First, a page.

In addition to psychosis-related behavior, the long-term effects of cocaine use on the skin are also the result of one of its most common ingredients: levamisole. Also known by its brand name Ergamisol, levamisole is a medication used to treat parasitic worm infections.

Before it was banned from being used on humans, levamisole was prescribed to treat conditions like rheumatoid arthritis and leukemia in the past. However, it was discontinued in 2000 due to adverse side effects like neutropenia (abnormally low white blood cell count), agranulocytosis, vasculitis (inflammation of the blood vessels), and of course, skin necrosis (death of skin cells).

However, despite being banned for use in people, levamisole is a common ingredient in cocaine, a disturbing fact first discovered by the U.S. Drug Enforcement Agency (DEA) in 2003. In 2009, 70% of cocaine seized by authorities contained levamisole.1

Furthermore, like other illicit stimulants, cocaine is also known to produce vasoconstriction or constricting of the blood vessels. This is a significant reason why long-term cocaine use can attack the skin. Vasoconstriction restricts blood flow to certain areas of the body, including the skin.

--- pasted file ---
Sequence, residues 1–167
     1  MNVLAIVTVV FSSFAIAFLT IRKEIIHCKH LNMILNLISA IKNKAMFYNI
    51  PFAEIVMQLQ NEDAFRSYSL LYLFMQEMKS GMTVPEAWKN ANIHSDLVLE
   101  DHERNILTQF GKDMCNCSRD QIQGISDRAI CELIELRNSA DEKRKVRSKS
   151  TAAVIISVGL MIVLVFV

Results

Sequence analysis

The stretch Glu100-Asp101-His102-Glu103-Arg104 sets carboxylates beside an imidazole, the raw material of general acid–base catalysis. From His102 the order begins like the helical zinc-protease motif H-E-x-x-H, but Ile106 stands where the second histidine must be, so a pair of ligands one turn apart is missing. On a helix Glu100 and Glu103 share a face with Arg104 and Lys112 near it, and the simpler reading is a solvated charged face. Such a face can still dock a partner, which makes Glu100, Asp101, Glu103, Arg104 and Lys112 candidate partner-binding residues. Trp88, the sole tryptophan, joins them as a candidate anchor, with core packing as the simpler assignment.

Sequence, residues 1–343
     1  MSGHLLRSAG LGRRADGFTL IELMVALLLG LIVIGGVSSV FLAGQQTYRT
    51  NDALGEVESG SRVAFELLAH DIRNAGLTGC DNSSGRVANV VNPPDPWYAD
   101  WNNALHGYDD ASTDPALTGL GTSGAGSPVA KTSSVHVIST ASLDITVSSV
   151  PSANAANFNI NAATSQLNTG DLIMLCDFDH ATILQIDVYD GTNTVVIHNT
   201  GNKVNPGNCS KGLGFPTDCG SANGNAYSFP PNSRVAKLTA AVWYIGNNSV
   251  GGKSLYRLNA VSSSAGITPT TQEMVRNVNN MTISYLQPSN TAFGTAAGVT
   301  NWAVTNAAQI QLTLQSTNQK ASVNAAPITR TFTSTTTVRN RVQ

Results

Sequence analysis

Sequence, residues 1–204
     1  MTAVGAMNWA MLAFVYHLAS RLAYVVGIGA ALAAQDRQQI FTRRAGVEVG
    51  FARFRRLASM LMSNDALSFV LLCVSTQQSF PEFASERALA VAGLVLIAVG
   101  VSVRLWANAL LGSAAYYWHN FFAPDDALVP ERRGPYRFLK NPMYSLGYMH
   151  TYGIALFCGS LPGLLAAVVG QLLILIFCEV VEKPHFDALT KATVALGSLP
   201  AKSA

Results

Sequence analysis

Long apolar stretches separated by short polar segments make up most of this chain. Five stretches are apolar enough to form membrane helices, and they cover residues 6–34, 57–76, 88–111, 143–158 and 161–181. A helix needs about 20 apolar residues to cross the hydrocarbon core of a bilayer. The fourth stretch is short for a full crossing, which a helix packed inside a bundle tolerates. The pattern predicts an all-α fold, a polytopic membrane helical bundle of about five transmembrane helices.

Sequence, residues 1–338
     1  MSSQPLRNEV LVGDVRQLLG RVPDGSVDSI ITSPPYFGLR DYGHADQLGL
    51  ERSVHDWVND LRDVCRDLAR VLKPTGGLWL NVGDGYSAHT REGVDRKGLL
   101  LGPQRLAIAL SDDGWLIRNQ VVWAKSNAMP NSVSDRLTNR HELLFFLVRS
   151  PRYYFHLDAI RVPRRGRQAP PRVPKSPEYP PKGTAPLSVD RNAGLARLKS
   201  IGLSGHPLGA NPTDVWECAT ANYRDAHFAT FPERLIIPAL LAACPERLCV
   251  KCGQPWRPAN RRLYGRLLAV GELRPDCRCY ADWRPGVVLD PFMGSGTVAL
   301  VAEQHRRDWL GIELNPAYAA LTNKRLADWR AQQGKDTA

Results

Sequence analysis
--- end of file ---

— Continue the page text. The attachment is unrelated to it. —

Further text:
When the skin doesn’t receive enough blood and oxygen, it can’t heal itself as quickly or efficiently. In the end, not only is the skin placed in a position where it’s more vulnerable to disease, but healing is also greatly inhibited.

Are You Addicted to Cocaine?

If you or someone you know is addicted to cocaine, its effects on the skin won’t be your only worry. The long list of crack effects on the skin is just a few of the many ways this drug can impair your health and your quality of life.

Long-term cocaine abuse is also linked to cardiovascular disease, mental illness, psychosis, breathing problems, lung disease, increased risk of HIV and AIDS, and even nose problems. Addiction is the most common side effect of chronic coke use.

Due to its impact on dopamine in the brain, cocaine leads to a euphoric high that attracts users and a chemical imbalance that creates a physical dependence. With continued use, most users find themselves unable to quit cocaine without professional help.

That’s where our drug rehab in Texas comes in. If you or a loved one has become addicted to cocaine, our medically monitored detox and treatment program can help. In addition to withdrawal treatment, our cocaine rehab program also utilizes therapy and counseling to help patients understand the causes of their conditions, develop relapse prevention skills, and learn how to transition to a sober lifestyle after rehab.

For more information about our drug addiction treatment in Texas, call Banyan Treatment Centers today at 888-280-4763.

Related Reading:

8 Ball Cocaine: What You Should Know
Does Cocaine Affect Your Menstrual Cycle?


  1. NCBI - Cocaine-induced vasculitis with cutaneous manifestation: A recurrent episode after 2 years
Alyssa, Director of Digital Marketing
Alyssa, Director of Digital Marketing
Alyssa is the National Director of Digital Marketing and is responsible for a multitude of integrated campaigns and events in the behavioral health and addictions field. All articles have been written by Alyssa and medically reviewed by our Chief Medical Officer, Dr. Darrin Mangiacarne.
Cocaine Skin Problems